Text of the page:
CARMEL, N.Y. - Mahopac resident Jason Fell stood before Judge James Reitz in Putnam County Judicial Diversion/Treatment Court last January and bowed his head.

“I can tell you first hand that addiction has taken me down lower than I have ever been,” Fell said during his drug court graduation ceremony. “Through the past couple of years I found a life worth living.”

Fell is one of the many success stories to emerge from “drug court,” a program that was established in Putnam County in 2002 as an alternate to incarceration for non-violent drug and alcohol offenders.

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“Our journeys are all different, but we all ended up with addiction anyway,” Fell said. “We all have the same goal—to beat addiction and have a life worth living.”

The program is a coordinated team effort between Judge Reitz, the prosecution, defense counsel, probation department, sheriff’s department, social service and treatment professionals who actively intervene and break the cycle of substance abuse. It takes about two years, sometimes longer, for a participant to complete.

Fell’s graduation featured people from all walks of life. There were young people with typical childhoods and others who were brought up in less than stellar conditions, as well as a successful seasoned professional, and Fell—a war hero.

Fell was a U.S. Marine who served from 1990 to 1996, when he participated in combat in Operation Desert Storm, as well as in Somalia. After the 9/11 terrorist attacks, he decided to re-enlist and was honorably discharged in 2008. He had no prior history of chemical dependency until he was wounded in action and was prescribed opioid medications to treat the pain. He became addicted and toward the very end of his battle with addiction resorted to using heroin. Reitz said moving from painkiller addiction to heroin addiction is something he sees time and time again in drug court, and is at the core of the heroin epidemic that has plagued the region for several years now.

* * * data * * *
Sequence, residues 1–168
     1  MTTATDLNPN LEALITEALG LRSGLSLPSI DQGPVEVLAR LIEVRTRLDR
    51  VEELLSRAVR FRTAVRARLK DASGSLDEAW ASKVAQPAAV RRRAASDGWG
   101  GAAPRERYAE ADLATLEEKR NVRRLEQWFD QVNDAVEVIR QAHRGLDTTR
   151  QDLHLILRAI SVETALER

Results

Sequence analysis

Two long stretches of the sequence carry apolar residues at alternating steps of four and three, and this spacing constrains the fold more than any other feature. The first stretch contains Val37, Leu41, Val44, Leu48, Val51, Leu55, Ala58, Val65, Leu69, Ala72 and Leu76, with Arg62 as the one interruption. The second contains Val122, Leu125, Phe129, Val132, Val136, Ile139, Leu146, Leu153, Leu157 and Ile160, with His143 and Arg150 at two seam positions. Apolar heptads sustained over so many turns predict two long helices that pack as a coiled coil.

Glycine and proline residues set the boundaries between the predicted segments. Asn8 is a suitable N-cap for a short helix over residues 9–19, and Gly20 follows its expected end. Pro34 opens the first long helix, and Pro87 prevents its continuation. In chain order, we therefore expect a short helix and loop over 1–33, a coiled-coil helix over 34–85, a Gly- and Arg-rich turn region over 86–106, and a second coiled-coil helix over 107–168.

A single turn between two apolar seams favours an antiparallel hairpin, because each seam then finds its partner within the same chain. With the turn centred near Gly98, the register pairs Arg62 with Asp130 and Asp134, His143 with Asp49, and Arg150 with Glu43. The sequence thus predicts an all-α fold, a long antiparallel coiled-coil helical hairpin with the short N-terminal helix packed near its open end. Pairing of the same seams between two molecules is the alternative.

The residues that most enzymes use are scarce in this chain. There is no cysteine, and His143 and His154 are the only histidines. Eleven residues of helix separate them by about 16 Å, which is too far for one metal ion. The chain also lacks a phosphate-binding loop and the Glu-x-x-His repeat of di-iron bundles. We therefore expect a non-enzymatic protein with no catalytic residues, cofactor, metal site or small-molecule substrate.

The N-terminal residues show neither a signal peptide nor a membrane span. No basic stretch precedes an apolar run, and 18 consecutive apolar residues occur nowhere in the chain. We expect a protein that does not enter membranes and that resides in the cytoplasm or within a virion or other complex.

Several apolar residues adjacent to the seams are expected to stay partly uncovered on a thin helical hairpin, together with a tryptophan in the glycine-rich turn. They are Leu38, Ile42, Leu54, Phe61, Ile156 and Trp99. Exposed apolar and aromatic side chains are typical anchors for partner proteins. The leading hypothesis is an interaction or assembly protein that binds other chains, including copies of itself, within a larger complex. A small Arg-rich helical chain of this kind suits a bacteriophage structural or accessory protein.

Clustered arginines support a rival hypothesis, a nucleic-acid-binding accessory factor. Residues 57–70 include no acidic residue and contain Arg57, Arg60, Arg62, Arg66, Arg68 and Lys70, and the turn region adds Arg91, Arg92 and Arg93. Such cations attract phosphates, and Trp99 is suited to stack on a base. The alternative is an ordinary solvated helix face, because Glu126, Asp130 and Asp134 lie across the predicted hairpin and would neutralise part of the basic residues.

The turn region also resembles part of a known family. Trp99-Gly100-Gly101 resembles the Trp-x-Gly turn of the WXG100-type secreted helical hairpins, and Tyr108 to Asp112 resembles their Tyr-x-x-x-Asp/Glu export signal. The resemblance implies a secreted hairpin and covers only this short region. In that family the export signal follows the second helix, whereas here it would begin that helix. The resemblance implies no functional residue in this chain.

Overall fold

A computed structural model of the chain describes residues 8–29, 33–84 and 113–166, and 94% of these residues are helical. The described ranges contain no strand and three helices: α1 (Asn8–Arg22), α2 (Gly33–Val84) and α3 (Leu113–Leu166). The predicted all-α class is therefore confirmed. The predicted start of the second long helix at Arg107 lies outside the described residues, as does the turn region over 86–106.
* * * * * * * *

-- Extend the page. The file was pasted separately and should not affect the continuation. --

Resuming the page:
“When they run out of money [to buy painkillers] they go to heroin,” Reitz said. “Heroin is very cheap. Sometimes [dealers] give it away for free in order to get them hooked.”

Reitz has overseen the drug court since 2007. Prior to that he worked as a defense attorney, and then as a Carmel town justice, and he saw first-hand the good that the program could do.

“I brought people into it as a defense attorney,” said Reitz, who resides in Mahopac and is a 1981 Carmel High graduate. “I have worked with several people who came through it and graduated and are successful today.”

Reitz said the idea behind the Diversion/Treatment Court is to treat addiction as a medical problem and not as a criminal issue, although offenders are still held accountable for their actions.

“They idea is to hold them accountable while keeping them out of jail so they are out there paying their bills and taking care of their kids,” he said. “We are treating them with healthcare professionals. It’s far-reaching. Not too many get better when they come out of jail where they are not being treated properly.”

Reitz said that the drug court system understands that there will often be relapses and setbacks and accommodates for those.

“It’s a minimum two-year process if everything goes perfectly. If there are no relapses, they move on,” he said. “But inevitably there are issues and it could take up to five years depending on the nature of the case. But if they keep violating they will go to prison or die of an overdose.”